1

I'm trying to create a proxy for ArrayBlockingQueue that intercepts calls to it for monitoring

(ns clj-super-bug.core
  (:import [java.util.concurrent ArrayBlockingQueue Executors]))


(let [thread-count 10
      put-count 100
      executor (Executors/newFixedThreadPool thread-count)
      puts (atom 0)
      queue (proxy [ArrayBlockingQueue] [1000]
              (put [el]
                (proxy-super put el)
                (swap! puts inc)))]
  (.invokeAll executor (repeat put-count #(.put queue 0)))
  (assert (= (.size queue) put-count) "should have put in put-count items")
  (println @puts))

I would expect this code to always print 100, but occaissonally it's something else like 51. Am I using proxy or proxy-super wrong?

I debugged this to the point that it seems that the proxy method is not actually called on some occasions, just the base method (the items show up in the queue, as indicated by the assert). Also, I suppose it's multithreading related because if I have thread-count = 1 it's always 100.

  • @AlanThompson pretty sure invokeAll waits for the threads to complete. Also, the (.size queue) is 100, so it looks like they've completed. Finally, I can manually check that puts isn't updated any more. – Freek Apr 16 '18 at 17:40
2

Turns out this is a known issue with proxy-super: https://dev.clojure.org/jira/browse/CLJ-2201

"If you have a proxy with method M, which invokes proxy-super, then while that proxy-super is running all calls to M on that proxy object will immediately invoke the super M not the proxied M." That's exactly what's happening.

| improve this answer | |
1

I would not do the subclass via proxy.

If you subclass ArrayBlockingQueue, you are saying your code is an instance of ABQ. So, you are making a specialized version of ABQ, and must take responsibility for all of the implementation details of the ABQ source code.

However, you don't need to be an instance of ABQ. All you really need is to use an instance of ABQ, which is easily done by composition.

So, we write a wrapper function which delegates to an ABQ:

(ns tst.demo.core
  (:use demo.core tupelo.core tupelo.test)
  (:require
    [clojure.string :as str]
    [clojure.java.io :as io])
  (:import [java.util.concurrent ArrayBlockingQueue Executors TimeUnit]) )

(dotest
  (let [N 100
        puts-done (atom 0)
        abq (ArrayBlockingQueue. (+ 3 N))
        putter (fn []
                 (.put abq 0)
                 (swap! puts-done inc))]
    (dotimes [_ N]
      (future (putter)))
    (Thread/sleep 1000)
    (println (format "N: %d   puts-done: %d" N @puts-done))
    (assert (= N @puts-done)
            (format "should have put in puts-done items; N = %d   puts-done = %d" N @puts-done))
    ))

result:

N: 100   puts-done: 100

Using the executor:

(dotest
  (let [N 100
        puts-done (atom 0)
        thread-count  10
        executor (Executors/newFixedThreadPool thread-count)
        abq (ArrayBlockingQueue. (+ 3 N))
        putter (fn []
                 (.put abq 0)
                 (swap! puts-done inc))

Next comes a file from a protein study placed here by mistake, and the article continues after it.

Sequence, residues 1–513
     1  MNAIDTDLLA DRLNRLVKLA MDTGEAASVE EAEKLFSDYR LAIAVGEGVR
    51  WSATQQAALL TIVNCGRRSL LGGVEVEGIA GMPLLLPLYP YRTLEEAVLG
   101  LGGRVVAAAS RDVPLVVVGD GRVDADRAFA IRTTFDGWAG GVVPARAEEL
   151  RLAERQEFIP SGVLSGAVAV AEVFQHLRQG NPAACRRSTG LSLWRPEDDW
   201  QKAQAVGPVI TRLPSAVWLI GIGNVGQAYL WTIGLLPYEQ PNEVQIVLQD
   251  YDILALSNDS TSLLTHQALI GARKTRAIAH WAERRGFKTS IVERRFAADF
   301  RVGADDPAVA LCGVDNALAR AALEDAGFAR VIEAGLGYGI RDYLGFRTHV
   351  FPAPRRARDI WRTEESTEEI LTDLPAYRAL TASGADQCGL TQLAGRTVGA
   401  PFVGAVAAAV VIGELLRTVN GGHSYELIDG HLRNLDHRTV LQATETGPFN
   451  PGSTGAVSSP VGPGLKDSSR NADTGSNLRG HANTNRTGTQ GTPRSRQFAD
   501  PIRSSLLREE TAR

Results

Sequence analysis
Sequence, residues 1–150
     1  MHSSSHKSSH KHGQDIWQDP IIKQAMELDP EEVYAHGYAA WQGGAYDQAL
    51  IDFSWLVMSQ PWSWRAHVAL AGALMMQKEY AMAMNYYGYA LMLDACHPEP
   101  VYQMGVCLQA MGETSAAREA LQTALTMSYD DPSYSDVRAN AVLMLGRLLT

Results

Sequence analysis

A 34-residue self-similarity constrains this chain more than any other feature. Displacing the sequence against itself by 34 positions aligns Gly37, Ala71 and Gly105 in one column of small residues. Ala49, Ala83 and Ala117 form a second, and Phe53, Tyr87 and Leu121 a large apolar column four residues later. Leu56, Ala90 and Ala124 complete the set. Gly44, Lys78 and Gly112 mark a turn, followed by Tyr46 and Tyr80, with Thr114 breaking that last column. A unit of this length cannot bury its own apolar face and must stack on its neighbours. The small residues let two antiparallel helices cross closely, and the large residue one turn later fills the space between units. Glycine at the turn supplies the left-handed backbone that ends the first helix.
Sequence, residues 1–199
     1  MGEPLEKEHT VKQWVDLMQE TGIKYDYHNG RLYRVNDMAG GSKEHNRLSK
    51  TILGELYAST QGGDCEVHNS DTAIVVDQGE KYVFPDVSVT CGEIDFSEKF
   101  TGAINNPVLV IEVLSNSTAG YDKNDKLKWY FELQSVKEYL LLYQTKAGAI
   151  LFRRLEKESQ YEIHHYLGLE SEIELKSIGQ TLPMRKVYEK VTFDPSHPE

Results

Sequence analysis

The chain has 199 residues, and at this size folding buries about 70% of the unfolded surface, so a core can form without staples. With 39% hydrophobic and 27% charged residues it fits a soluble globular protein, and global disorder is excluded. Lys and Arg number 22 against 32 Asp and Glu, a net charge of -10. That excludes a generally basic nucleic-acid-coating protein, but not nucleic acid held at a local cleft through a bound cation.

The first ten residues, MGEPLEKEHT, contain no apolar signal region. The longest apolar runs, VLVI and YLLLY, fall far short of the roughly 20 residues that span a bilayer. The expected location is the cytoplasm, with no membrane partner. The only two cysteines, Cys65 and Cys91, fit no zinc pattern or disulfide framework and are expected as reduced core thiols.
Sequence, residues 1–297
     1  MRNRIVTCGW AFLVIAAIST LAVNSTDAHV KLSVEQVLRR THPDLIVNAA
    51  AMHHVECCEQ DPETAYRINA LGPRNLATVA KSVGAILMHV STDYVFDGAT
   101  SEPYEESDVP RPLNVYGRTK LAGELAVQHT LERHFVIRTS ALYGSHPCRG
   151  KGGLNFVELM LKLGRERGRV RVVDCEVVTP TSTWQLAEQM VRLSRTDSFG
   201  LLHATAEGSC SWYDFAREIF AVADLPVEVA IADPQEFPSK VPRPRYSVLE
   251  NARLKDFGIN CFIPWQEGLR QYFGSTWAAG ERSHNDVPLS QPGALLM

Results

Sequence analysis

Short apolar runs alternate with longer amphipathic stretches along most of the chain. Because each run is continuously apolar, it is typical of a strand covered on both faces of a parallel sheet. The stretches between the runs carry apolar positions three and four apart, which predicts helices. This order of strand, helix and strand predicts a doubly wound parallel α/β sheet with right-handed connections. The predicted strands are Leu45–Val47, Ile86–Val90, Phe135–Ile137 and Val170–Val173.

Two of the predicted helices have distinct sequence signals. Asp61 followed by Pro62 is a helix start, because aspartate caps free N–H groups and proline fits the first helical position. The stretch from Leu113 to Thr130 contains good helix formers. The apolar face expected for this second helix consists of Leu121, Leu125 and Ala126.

putters (repeat N #(putter)) ]
    (.invokeAll executor putters)
    (println (format "N: %d   puts-done: %d" N @puts-done))
    (assert (= N @puts-done)
            (format "should have put in puts-done items; N = %d   puts-done = %d" N @puts-done))))

result:

N: 100   puts-done: 100

Update #1

Regarding the cause, I'm not sure. I tried to fix the original version with locking, but no joy:

(def lock-obj (Object.))
(dotest
  (let [N 100
        puts-done (atom 0)
        thread-count  10
        executor (Executors/newFixedThreadPool thread-count)
        abq (proxy [ArrayBlockingQueue]
                   [(+ 3 N)]
              (put [el]
                (locking lock-obj
                  (proxy-super put el)
                  (swap! puts-done inc))))]
    (.invokeAll executor (repeat N #(.put abq 0)))

with results:

N: 100   puts-done: 46
N: 100   puts-done: 71
N: 100   puts-done: 85
N: 100   puts-done: 83

Update #2

Tried some more tests using a java subclass of ABQ:

package demo;
import java.util.concurrent.ArrayBlockingQueue;
import java.util.concurrent.atomic.AtomicInteger;
public class Que<E> extends ArrayBlockingQueue<E> {
    public static AtomicInteger numPuts = new AtomicInteger(0); 
    public static Que<Integer> queInt = new Que<>( 999 ); 
    public Que(int size) { super(size); } 
    public void put(E element)  {
        synchronized (numPuts) {
            try {
                super.put(element);
                numPuts.getAndIncrement();
            } catch (Exception ex) {
                System.out.println( "caught " + ex);
            } } } }

   ...
  (:import [java.util.concurrent Executors TimeUnit]
           [demo Que] ) )

(dotest
  (let [N 100
        puts-done (atom 0)
        thread-count  10
        executor (Executors/newFixedThreadPool thread-count) ]
    (.invokeAll executor (repeat N #(.put Que/queInt 0)))
    (println (format "N: %d   puts-done: %d" N (.get Que/numPuts)))))

results (repeated runs => accumulation):

N: 100   puts-done: 100
N: 100   puts-done: 200
N: 100   puts-done: 300
N: 100   puts-done: 400
N: 100   puts-done: 500

so it works great with a Java subclass. Get same results with/without the synchronized block.

So, it looks to be something in the Clojure proxy area.

| improve this answer | |
  • Thanks, sure, that works. But the question is about my usage of proxy, not about how to do this per se. – Freek Apr 16 '18 at 19:08
  • It might be interesting to pose this question on the Clojure mailing list to get some more insight. – Alan Thompson Apr 16 '18 at 19:38
  • This is pretty weird to me too. I'm interested to see what the answer turns out to be. – amalloy Apr 16 '18 at 23:45

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